Rosalie Winard has produced dramatic images of America’s majestic wetland birds in more than a decade of travel worldwide. The Utah Museum of Natural History’s Wild Birds of the American Wetlands exhibit showcases 53 of Winard’s photos, creating a space that blurs the distinction between art and nature.
The UMNH design team’s challenge was to transform a generic temporary exhibit space into a cohesive experience made from many moments representing a bird’s diverse life. The images are unique depictions of avian life that Winard has observed over time. Collectively they flock together to create an experience that inspires visitors to squint, observe high and low, laugh, think, pause, and sometimes even flap their arms like the wings of these dynamic birds.
The exhibit’s unremarkable entry vestibule was transformed with a 68-in. lightbox used to display an image of a wood stork landing. Red columns invited visitors into the hall, and the breaks between them provide glimpses into the world of birds. The columns emphasize the vertical nature of a bird’s world and they conceptually prepare the visitor for “takeoff.”
Images of birds, grouped by graphic form, activity, or species portraiture, are represented in a variety of different ways to establish a rhythm of discovery. Chiffon banners emphasize vertical space and movement. Their translucent nature creates moments of inquiry and observation by overlapping with other images. While swaying softly in reaction to movement in the gallery, they accentuate the ephemeral quality of birds and landscape.
The majority of photos are printed on canvas and appear to “float” on the wall. The canvas yields an amazing quality that captures the fine details, texture, and wide range of tones in the black and white photographs. Stretcher bars mounted directly to the wall allow the images to exist in space with a light elegance that is reminiscent of a bird taking a short rest on a tree branch. Images are grouped together like flocks of birds. Some extend horizontally across an expansive landscape and others are stacked in a vertical gesture connecting sky with land.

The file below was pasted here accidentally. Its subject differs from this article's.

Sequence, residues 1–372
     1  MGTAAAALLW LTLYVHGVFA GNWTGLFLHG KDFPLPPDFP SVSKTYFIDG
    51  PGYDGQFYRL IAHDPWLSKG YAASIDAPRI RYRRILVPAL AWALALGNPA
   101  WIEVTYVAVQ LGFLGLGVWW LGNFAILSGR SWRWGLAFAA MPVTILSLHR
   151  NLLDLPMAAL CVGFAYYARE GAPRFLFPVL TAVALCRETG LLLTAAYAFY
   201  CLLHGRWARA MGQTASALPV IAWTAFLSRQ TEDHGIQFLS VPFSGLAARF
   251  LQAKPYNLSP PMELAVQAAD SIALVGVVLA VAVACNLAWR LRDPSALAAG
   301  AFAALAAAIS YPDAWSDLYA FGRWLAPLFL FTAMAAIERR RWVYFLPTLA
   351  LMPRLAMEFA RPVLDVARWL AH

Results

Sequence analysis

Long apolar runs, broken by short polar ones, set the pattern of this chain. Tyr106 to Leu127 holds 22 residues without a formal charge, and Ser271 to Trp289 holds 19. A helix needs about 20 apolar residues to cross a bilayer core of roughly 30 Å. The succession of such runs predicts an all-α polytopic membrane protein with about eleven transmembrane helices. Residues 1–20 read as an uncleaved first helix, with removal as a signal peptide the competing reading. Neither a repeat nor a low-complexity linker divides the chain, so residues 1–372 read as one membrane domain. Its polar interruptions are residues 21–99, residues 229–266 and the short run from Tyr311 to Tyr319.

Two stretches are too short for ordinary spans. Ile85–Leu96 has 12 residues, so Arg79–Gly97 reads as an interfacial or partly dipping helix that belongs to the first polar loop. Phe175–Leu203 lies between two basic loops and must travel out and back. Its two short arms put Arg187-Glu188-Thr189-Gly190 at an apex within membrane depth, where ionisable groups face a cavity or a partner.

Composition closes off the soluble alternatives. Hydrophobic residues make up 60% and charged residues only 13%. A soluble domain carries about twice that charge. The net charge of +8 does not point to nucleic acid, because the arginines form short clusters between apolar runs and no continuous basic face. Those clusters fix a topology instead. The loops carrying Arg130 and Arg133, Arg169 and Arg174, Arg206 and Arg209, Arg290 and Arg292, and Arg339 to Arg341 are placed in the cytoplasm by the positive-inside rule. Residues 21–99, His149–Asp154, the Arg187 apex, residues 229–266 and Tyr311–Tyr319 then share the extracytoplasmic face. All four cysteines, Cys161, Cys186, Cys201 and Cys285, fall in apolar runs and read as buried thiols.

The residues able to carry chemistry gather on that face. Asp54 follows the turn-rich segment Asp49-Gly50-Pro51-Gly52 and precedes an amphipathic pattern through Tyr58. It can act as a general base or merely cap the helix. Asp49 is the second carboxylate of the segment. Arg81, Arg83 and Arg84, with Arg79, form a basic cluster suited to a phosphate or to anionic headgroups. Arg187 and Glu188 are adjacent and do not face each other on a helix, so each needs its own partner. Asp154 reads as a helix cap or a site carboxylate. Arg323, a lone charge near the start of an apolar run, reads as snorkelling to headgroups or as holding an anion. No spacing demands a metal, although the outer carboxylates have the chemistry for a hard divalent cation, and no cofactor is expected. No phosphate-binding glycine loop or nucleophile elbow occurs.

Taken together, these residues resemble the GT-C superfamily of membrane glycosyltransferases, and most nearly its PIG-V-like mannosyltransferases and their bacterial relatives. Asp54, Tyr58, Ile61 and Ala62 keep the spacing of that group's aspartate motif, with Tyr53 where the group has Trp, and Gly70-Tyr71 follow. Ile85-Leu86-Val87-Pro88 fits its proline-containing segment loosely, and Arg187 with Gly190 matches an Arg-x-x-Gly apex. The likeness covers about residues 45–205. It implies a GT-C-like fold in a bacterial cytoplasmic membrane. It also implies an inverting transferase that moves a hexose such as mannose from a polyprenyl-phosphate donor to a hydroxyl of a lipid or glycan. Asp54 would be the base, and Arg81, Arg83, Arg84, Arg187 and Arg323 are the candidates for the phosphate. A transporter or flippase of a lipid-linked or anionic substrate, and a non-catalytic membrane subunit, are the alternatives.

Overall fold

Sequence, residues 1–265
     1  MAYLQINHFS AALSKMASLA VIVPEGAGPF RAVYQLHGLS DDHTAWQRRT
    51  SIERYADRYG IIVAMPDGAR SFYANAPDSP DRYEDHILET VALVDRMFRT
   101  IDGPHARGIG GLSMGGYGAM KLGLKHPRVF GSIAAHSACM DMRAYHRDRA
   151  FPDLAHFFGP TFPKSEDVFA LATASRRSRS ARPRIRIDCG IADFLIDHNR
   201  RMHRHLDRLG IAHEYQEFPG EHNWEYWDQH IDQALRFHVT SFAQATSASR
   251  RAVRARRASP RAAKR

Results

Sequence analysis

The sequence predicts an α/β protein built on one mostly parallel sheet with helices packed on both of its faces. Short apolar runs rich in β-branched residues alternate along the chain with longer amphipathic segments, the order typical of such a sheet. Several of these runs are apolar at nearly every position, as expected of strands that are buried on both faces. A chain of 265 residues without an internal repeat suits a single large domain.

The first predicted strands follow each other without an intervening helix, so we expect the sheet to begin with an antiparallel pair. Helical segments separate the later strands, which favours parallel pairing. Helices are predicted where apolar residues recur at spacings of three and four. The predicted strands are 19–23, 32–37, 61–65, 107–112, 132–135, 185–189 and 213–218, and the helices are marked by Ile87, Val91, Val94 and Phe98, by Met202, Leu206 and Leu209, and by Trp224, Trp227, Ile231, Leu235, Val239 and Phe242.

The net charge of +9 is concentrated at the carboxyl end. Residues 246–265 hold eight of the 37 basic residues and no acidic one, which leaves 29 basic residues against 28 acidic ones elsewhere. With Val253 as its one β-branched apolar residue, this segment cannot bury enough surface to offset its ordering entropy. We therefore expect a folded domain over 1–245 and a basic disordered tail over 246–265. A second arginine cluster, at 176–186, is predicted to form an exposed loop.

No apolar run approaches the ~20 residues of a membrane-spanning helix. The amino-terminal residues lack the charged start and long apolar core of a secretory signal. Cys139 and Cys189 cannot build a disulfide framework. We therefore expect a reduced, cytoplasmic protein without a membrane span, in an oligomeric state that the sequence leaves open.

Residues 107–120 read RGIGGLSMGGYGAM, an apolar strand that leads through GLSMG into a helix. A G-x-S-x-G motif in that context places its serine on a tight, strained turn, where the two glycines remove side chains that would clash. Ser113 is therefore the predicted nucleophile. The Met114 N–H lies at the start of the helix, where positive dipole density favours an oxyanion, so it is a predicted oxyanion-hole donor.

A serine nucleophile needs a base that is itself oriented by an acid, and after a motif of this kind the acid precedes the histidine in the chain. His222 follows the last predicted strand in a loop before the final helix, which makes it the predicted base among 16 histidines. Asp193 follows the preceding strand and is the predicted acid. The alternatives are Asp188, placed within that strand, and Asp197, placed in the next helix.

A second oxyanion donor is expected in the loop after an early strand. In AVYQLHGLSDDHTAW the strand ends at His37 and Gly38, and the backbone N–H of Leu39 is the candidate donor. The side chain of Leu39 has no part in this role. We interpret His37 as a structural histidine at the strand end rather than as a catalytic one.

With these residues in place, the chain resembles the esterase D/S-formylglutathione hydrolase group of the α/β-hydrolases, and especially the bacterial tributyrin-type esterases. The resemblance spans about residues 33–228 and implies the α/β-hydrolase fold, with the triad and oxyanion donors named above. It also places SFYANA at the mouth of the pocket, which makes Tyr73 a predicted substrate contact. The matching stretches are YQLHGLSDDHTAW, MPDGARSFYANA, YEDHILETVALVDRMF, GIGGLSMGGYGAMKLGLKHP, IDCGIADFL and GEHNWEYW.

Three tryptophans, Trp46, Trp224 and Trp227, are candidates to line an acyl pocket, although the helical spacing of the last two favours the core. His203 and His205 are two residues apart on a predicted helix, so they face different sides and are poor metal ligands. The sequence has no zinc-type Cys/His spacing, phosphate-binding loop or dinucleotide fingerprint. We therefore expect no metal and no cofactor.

Three staggered benches create the backbone of the experience. The benches provide a place to rest and they also tell stories of conservation and habitat loss. A provocative collage of newspaper headlines encourages visitors to look at the images in the show in a completely different way. At this point, the photographs transform from objects of beauty to evidence of the imperiled lives of migratory birds.
“Simple and skillful, this exhibition is the result of a design team making all the right choices.”
“This is an exercise in restraint. The use of a single color, red, with the black and white images is very elegant. The exhibition allows these beautiful photographs to take center stage by its supportive role.”
Rebecca Menlove (principal in charge), Tim Lee (designer)
Rosalie Winard (artist/photographer); Anne Milliken, Anne Bernard (guest curators)
University of Utah Plant Operations (wall fabrication, custom bamboo benches), UMNH Exhibits Department (lightbox fabrication, wall graphics, exhibit installation), Fusion Imaging (scrim graphics, direct-to-substrate bench imaging), Brand-Arts (photo prints, lightbox images)